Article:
Don Cayo: In my opinion
Tariff s likely: Observers are concerned the solution to Eastern Canada’s issue will create a new series of problems
A spat between foreign- owned steel mills in Canada and off shore threatens to cripple construction in Vancouver and other parts of Western Canada.
Aspat between steel mills that are owned by foreigners but located in Eastern Canada, and steel mills that are owned by other foreigners but located offshore, is threatening to cripple construction in Vancouver and other parts of Western Canada.
The battle is triggering a serious shortage of rebar, stemming from an anti- dumping complaint that has led to a high probability of high tariffs — but nobody knows how high, which is part of the problem.
On the face of it, it is odd to talk about shortages and anti- dumping complaints in the same breath. Such a complaint implies a surplus — a flood of underpriced offshore goods choking the market for what is, or could be, produced at home.
But in big, sprawling Canada, such a linkage can make sense.
Eastern Canada has several steel mills that produce much, but not all, of the metal rods Eastern contractors use to reinforce concrete structures. But Western Canada has no such mills. And distances and rail- shipping costs make it impractical for West Coast builders to buy from Eastern Canadian shippers, even if they produced enough to meet the demand.
So Western Canada relies on imports, and its rebar supplies are directly impacted by the Canada Border Service Agency’s preliminary determination — this is bureaucrat-speak for the best guess until they check it out further — that mills in China and Korea are dumping product on the Canadian market.
Anoop Khosla, president of Midvalley Rebar, one of a half- dozen companies that cuts, bends and installs rebar for concrete used in Lower Mainland buildings, says in other circumstances, American mills — a handful of which are much closer to Vancouver than the Canadian ones — might offer an alternative. But since Mexican producers have been squeezed out of the U. S. market by an unrelated anti- dumping ruling, U. S. customers are taking virtually all of the American production, and little is left for Canadian customers.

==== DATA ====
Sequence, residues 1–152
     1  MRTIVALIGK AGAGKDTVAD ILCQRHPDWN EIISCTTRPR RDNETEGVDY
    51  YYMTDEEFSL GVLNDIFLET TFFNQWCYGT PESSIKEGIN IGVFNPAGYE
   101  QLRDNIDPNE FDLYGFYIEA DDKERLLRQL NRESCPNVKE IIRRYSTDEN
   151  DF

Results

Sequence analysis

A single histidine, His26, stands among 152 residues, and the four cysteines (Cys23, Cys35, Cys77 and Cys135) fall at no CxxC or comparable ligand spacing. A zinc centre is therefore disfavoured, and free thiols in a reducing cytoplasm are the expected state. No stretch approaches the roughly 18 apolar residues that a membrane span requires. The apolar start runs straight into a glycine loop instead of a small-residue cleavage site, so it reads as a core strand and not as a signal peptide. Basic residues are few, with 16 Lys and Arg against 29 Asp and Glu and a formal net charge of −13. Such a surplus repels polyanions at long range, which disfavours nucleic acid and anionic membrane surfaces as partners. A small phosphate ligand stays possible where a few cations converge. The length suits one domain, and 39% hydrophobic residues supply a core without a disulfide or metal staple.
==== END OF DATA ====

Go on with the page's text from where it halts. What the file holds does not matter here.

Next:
This means rebar from Chinese and Korean mills is required, and soon, to prevent the region from running out, Khosla said. Even though these mills are much farther away than the eastern Canadian ones, water transportation is so much cheaper that it can be landed in Vancouver for only about 40 per cent of the shipping cost.
One further complication is the fact that American builders buy in imperial measures, and Canadians require metric measures.
Another is that the level of provisional duties is both hefty and uncertain. Depending on the Asian mill in question, it varies from 14.8 to 58.1 per cent, but these numbers could change, possibly dramatically, when a final ruling is made, probably not until December.
Meanwhile, Khosla said, the Asian mills won’t take orders from companies like his because they don’t know what their liability will be.
Rebar is heavy and comes in long lengths before local companies custom cut and bend it for each job, which means shipping is expensive — typically 10 to 15 per cent of the final cost to contractors. And rebar accounts for roughly eight per cent of the cost of concrete structures. So the duty, if confirmed, will add significantly to the cost of building in B. C.
In the meantime, the provisional duty makes it almost impossible for companies like Khosla’s to bid on jobs when they don’t know their costs, or even if they can get enough rebar for the job.
Eastern producers may or may not have a worthy case at their end of the country, but there was no problem here until the current one was created by the CBSA’s one- sizefitsall approach to the easterners’ complaint.
Regional rebar fabricators have no association to speak for them, but Khosla’s company is making a submission to Finance Minister Joe Oliver in advance of the final ruling, and the Canadian Federation of Independent Business and the Independent Contractors and Businesses Association of B. C. are also weighing in. Their message — one the CBSA needs to heed — is that their one size doesn’t fit this end of the country at all. So, assuming it finds merit to the easterners’ complaint, it needs to find a solution that also works in the West.